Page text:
The tragedy is not listening to one another. oh, and talking about feelings.
Weirdly, I've had several conversations about rape this week. Hot topic.
The candlelight vigil for Eurydice Dixon and horrible tragedy that is that whole story. If you somehow don't know about this then it is worth reading before continuing.
I'm possibly a little ashamed to admit that if I were writing this at the beginning of the week this article might have been very different. I'm certainly still on a path of enlightenment and I had a few thoughts similar to the sentiment of #notallmen because I think it is fairly natural for us as humans to try and personalise to process some of the heavier ideas in life. But I am also self-aware enough to realise I just don't fully comprehend this as a topic because I will never truly get what it feels like to wonder if you are really safe walking around in public that someone might overpower you and rape you. Honestly, the idea is probably scarier to me than being killed. The memories much more scaring than the finality that is death.
Then I read an article "Stop asking me what about men?" and it really got me thinking.
Here's an aside for you. Did you know that there is data to suggest that marketing campaigns that were used that gave the impression that lots of people were speeding or drink-driving actually seemed to correlate with increases rather than decreases because they normalised the action rather than the impression that no one else was doing it so you shouldn't either?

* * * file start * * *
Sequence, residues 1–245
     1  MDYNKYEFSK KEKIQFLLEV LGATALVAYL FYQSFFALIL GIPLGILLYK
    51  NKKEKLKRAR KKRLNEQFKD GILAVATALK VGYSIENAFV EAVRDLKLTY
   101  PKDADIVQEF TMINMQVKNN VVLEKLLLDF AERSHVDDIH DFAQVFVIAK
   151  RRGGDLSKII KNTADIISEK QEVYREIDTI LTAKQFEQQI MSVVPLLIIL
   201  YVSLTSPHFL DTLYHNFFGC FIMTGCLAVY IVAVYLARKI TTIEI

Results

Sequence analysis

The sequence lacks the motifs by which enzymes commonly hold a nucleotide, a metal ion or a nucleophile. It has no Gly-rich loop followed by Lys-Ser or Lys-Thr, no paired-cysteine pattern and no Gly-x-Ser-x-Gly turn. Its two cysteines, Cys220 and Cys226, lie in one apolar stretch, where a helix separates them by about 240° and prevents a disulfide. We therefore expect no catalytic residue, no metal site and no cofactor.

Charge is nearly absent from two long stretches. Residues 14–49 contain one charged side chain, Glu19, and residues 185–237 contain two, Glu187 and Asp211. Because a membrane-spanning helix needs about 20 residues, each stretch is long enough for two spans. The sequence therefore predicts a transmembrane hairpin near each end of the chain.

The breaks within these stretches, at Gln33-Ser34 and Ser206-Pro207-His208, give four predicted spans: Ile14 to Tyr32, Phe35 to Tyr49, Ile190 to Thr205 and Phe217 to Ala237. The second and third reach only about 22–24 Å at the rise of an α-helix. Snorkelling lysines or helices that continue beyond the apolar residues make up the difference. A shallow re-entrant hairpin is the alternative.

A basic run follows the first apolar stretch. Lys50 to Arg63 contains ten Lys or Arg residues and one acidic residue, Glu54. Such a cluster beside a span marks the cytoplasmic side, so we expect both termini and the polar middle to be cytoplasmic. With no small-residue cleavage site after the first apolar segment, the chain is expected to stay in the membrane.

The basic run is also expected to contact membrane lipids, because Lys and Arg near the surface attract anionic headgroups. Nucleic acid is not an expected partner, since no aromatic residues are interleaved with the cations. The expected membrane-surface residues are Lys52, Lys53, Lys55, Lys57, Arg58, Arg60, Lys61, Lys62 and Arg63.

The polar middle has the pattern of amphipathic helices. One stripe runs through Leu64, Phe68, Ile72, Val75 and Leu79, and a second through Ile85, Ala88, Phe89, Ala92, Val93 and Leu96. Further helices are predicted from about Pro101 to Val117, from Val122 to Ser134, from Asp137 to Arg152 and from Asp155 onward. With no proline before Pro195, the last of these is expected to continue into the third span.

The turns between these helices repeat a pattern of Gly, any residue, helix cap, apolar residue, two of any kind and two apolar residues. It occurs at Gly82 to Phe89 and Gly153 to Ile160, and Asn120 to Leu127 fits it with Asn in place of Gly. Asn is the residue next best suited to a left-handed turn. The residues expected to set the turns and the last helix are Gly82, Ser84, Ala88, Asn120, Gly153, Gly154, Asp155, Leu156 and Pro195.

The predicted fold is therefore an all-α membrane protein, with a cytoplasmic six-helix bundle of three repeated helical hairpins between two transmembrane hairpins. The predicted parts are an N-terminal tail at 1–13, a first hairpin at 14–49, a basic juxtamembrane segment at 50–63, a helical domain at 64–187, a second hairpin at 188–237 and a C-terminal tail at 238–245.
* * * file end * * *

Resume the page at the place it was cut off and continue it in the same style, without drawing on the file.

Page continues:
Are we normalising the idea that all men are somehow perpetrators rather than it being abnormal like it should be? I'll leave that with you.
OK. Here I am thinking. Why is it that men appear to be more likely to make these kinds of "not me" claims or "What about us" but women don't chime in when the opposite might be true? Here it starts to get really interesting. I believe the modern man truly wants equality for women, they want them to be paid the same and feel comfortable in the world. But at the same time Men are evolving within the world too. We are so far behind normally when it comes to emotional intelligence that comes out in higher suicide rates or health complications, we are more likely to die earlier than women and I believe a lot of this is us learning how to communicate our feelings. Our roles in family life have transitioned massively over the past few generations as more women enter the workforce in different ways and the modern dad has different responsibilities in the household.
I'm not writing this as an excuse for rape, violent sexist behaviour or anything like that, but I am trying to articulate that some men that are saying "Not all men" might just be trying to say that they are on her side. That some of us, men, just don't have the emotional language ready to articulate that it isn't about us, but it is up to all of us to create the safest place for everyone.
I hate the idea that my wife, mother, friends and family don't feel safe. I think we all need to work together to make sure we create a space where they do.